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New Congress Presses Interior on Cancellation of Strip-Mine Health Study

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According to the U.S. House Natural Resources Committee, countries with mountaintop removal mines have a more than 40 percent higher rates of birth defects. (Vivian Stockman/OVEC/Southwings)
According to the U.S. House Natural Resources Committee, countries with mountaintop removal mines have a more than 40 percent higher rates of birth defects. (Vivian Stockman/OVEC/Southwings)
February 18, 2019

CHARLESTON, W.Va. — The new Democratic leadership in Congress is investigating why the Department of the Interior stopped a major study of the health impacts of mountaintop removal and other surface mines.

After researchers found much higher rates of cancer, birth defects and other health problems near surface mines, the U.S. Interior Department directed the National Academy of Sciences to run a thorough study. Interior stopped that study in 2017 after Donald Trump became president.

But West Virginia University’s Michael McCawley, assistant professor of occupational and environmental health sciences, said it's important to find out what's causing the serious health problems for people living near the strip mines.

"That seems to be an epidemic of cancer cases, as well as a number of other diseases,” McCawley said. “That's important to the people in the southern portion of West Virginia; it's important to the people of the state of West Virginia."

At the time, Interior said canceling the study was a cost-saving move. Press reports suggest it came after meetings with coal-industry lobbyists. Last week, the new chair of the House Natural Resources Committee and the Energy and Mineral Resources Subcommittee formally requested Interior turn over all documents related to the cancellation.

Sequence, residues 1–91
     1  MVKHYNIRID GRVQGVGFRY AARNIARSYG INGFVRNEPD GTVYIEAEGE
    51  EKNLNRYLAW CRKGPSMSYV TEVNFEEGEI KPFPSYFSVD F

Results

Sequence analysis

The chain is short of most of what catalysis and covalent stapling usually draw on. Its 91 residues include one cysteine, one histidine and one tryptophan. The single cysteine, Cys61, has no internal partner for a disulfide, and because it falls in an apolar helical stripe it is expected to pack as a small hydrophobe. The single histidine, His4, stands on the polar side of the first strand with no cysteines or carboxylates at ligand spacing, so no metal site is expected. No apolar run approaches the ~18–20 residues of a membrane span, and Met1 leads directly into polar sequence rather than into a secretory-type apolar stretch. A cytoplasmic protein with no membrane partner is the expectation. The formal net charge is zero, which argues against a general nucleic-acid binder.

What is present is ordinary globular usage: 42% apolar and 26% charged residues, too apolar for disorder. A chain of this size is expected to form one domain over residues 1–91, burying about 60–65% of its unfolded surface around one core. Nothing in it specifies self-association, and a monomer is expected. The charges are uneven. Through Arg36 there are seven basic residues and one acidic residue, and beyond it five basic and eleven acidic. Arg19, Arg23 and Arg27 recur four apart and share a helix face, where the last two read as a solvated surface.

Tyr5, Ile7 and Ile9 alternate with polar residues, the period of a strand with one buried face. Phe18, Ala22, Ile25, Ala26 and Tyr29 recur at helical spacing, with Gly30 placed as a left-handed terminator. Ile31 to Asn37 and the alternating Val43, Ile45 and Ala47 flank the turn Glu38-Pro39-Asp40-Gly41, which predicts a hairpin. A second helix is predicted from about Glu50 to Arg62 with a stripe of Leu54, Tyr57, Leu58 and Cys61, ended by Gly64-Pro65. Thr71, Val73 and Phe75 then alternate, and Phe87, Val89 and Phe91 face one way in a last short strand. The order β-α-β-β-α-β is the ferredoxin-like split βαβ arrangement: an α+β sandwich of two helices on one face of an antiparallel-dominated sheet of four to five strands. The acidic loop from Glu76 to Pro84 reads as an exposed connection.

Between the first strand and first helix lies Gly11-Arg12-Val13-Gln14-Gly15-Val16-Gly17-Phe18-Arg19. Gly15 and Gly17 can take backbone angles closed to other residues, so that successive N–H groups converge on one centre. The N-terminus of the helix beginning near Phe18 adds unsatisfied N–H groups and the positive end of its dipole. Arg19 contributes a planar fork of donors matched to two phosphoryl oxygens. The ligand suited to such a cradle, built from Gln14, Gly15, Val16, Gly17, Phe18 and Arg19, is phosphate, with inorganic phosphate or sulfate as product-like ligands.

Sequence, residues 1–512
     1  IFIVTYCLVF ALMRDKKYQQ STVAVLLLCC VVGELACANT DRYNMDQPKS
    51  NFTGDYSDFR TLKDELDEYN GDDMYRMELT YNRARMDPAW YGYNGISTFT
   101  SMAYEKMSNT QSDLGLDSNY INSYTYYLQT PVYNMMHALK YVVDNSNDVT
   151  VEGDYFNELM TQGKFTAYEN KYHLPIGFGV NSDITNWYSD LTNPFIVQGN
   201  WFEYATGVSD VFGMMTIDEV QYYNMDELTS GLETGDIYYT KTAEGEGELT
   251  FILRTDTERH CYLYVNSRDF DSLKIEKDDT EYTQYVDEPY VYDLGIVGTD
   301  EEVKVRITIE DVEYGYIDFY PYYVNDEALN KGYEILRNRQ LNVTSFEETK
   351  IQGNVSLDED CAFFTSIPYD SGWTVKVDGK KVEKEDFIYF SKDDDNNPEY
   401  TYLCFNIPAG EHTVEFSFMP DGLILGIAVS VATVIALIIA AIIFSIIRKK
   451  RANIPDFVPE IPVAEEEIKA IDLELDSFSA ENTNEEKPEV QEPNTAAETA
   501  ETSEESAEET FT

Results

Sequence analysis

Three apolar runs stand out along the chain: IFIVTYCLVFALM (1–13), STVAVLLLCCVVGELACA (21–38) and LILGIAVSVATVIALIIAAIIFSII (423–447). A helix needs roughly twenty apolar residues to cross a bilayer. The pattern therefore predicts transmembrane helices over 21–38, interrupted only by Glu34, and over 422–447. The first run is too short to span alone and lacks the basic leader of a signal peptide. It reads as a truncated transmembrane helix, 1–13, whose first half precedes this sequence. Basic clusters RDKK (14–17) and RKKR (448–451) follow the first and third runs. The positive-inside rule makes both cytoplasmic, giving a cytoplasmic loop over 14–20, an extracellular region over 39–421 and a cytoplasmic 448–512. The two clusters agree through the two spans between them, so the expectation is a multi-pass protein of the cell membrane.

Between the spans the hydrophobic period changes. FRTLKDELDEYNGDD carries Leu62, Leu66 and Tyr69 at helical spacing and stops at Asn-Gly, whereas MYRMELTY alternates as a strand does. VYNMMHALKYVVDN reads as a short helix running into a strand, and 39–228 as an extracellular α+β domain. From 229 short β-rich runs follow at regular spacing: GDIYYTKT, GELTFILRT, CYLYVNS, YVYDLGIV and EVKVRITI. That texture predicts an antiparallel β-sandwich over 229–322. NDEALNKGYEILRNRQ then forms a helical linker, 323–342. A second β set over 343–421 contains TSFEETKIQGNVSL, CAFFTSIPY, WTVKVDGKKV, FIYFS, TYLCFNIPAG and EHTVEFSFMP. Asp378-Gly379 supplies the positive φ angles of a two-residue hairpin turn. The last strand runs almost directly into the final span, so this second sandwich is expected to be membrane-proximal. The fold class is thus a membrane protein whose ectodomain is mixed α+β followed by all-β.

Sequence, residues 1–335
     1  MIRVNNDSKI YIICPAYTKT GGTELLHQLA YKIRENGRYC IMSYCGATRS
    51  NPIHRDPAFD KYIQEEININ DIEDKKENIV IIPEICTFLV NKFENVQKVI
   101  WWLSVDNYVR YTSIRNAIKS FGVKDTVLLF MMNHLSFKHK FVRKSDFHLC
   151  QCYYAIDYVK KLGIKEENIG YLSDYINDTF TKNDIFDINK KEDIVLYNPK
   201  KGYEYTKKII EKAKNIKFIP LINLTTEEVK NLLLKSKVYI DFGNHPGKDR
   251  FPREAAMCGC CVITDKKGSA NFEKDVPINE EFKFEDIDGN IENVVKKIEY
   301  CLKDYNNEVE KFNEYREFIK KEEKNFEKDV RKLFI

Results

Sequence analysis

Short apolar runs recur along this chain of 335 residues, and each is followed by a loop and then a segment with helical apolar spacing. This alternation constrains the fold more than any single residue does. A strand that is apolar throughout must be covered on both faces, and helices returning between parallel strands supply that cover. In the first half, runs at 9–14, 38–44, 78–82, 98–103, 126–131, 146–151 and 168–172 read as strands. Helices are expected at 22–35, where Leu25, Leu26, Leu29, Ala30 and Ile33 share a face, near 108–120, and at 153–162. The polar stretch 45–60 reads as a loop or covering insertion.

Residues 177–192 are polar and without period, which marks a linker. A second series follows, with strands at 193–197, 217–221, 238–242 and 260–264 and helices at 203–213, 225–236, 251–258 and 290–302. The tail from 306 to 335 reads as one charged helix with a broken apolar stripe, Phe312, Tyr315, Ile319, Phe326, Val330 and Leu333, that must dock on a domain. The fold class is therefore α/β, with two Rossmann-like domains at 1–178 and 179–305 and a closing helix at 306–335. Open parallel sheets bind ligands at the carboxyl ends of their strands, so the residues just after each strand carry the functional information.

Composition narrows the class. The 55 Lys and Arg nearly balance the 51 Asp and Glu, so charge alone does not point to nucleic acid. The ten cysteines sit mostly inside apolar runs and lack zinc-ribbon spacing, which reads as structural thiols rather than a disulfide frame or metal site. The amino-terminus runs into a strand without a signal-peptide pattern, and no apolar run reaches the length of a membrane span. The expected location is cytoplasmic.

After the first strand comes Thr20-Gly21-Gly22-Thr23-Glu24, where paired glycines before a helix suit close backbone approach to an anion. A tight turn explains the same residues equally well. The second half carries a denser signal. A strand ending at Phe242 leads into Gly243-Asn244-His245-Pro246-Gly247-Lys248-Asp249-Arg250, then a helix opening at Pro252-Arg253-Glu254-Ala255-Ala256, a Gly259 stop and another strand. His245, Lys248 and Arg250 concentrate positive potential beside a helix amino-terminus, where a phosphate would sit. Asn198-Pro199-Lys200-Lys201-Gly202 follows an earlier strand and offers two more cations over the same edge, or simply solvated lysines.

Interior has said ending the study saved a little more than $500,000, after having already spent nearly as much on the study prior to its cancellation. To McCawley, the cancellation looked a lot like politics getting in the way of badly-needed scientific research.

"People say, 'Well I don't want to hear the answer to that,' or, 'I don't want to discuss this as a possibility,’” he said. “Science needs to be done in the public interest and given the opportunity to find the truth."

According to McCawley, the best existing theory is that surface mining releases micro-particles - one-thousandth the size of a human hair or smaller - into the air. He said these cause inflammation in the tissues of people who breathe or absorb them. And he said they may well be a problem far beyond the coalfields.

"I have served on the World Trade Center Study Commission and seen many of the same sets of diseases in that population that we were seeing in southern West Virginia,” he said.

More information from the House Natural Resources Committee is online here.

Dan Heyman, Public News Service - WV